JUNEAU (AP) -- With a session-ending deal cut in advance and a special session already called on state employee contracts, the Legislature adjourned Wednesday with more emphasis on sentimental farewells than crucial policy issues.
The end of the regular session came a week early, but a special session called by Gov. Tony Knowles for Thursday afternoon makes it likely that lawmakers won't finish much before their original May 9 deadline.
The House approved a $302 million bond package for school construction and other capital projects over the objections of minority Democrats who denounced the Republican majority for bypassing crumbling Bush schools to pay for projects in their own districts.
''I think rural Alaska deserves a little more consideration,'' said Rep. Albert Kookesh, D-Angoon.
Republicans responded that the package contained what was required to win support from lawmakers from around the state. Of the $198 million the package spends on schools, $112 million would go to rural Alaska.
''The democratic process, it's the art of the possible, it's the art of compromise,'' said Senate President Drue Pearce, R-Anchorage. ''None of us gets our way on everything.''
Despite their protests, the minority voted with Republicans to tap the Constitutional Budget Reserve for the money needed to balance the budget and end the session. Tapping the reserve requires three-quarters of both chambers and usually signals a bipartisan deal.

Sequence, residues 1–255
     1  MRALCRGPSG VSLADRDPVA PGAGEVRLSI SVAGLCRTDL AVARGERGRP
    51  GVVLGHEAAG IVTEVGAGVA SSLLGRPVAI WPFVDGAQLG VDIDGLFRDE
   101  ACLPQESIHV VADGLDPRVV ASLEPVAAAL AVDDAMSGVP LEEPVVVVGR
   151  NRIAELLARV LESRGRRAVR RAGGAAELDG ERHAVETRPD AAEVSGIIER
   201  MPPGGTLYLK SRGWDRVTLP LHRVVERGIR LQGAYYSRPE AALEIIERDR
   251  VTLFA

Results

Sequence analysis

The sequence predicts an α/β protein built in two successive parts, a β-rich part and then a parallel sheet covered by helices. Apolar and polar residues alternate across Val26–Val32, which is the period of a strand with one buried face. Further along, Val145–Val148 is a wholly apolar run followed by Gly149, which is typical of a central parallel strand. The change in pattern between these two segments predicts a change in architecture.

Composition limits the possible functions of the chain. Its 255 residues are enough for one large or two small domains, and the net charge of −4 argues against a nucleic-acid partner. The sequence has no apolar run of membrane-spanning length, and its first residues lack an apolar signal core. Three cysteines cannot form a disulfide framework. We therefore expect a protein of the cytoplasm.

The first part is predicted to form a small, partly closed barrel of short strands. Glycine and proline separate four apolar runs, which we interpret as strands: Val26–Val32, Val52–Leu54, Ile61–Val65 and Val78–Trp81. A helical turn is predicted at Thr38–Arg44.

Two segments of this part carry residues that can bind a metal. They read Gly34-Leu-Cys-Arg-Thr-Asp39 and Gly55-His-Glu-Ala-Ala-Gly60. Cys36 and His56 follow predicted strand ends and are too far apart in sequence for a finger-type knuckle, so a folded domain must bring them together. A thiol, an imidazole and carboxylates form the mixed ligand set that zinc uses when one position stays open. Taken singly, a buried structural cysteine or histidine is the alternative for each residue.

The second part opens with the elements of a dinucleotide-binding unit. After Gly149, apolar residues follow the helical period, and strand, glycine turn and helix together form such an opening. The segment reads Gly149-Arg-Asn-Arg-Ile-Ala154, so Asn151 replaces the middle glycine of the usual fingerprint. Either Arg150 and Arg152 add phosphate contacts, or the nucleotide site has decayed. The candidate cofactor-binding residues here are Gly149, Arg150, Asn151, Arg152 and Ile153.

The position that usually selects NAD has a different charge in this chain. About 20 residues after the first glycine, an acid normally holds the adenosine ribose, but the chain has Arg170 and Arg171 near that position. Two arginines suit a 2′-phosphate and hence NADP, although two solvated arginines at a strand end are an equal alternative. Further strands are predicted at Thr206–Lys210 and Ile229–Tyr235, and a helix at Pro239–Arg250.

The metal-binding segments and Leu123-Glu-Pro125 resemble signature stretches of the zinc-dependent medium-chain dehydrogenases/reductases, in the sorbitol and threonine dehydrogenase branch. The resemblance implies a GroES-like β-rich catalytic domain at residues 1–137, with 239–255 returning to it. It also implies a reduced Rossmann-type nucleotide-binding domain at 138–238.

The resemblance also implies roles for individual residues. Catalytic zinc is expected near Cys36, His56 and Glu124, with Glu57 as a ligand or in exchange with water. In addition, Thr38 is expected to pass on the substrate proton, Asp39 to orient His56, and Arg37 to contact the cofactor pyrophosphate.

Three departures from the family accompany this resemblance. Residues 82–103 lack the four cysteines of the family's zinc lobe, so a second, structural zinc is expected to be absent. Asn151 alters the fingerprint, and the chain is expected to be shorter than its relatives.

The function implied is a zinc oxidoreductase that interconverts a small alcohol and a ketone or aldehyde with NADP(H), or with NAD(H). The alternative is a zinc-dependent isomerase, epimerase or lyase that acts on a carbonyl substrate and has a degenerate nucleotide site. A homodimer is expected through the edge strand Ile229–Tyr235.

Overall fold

On Tuesday, the House and Senate approved bills endowing rural power subsidies in the Bush for the foreseeable future, winning over some Democrats and greasing the rails for the early adjournment.
''We put power cost equalization to bed and now we're going to take care of the contracts,'' said House Minority Leaders Ethan Berkowitz, D-Anchorage.
Knowles said he called lawmakers back immediately at the request of lawmakers from both parties who wanted to consider the contracts without the distractions of other legislation.
''All of them asked me to have the special session,'' Knowles said. ''They felt the time was right for productive effort'' on the contracts.
Republican leaders, particularly in the Senate, object to pay and benefit increases in the contracts.
After the gavel fell Wednesday, GOP leaders claimed victory in their five-year plan to cut the state's general fund spending by $250 million, but conceded that some of that reduction had been accomplished through budgetary maneuvers instead of cutting spending.
''Did we hit every target, every number in the five-year plan?'' said House Finance Committee Co-Chairman Eldon Mulder, R-Anchorage. ''Probably not. Was it a resounding success? Absolutely.''
GOP leaders said their budget prioritized state spending, focusing on education, public safety and transportation, while holding down spending in other areas.
''It's never been about just cutting the budget,'' said Sen. Sean Parnell, R-Anchorage, co-chairman of the Senate Finance Committee. ''It's about a vision of the future for the people of Alaska.''
Minority Democrats chastised Republicans for not plowing more money into education and the University of Alaska. Much of this year's budget reductions came from a dip in enrollment that allowed the state to spend less on aid to local school districts.
''We actually cut education,'' said Rep. John Davies, D-Fairbanks. ''Our kids are getting less education, not more, and that's unacceptable.''
Democrats also denounced Republicans for claiming an early adjournment without paying for the state employee contracts.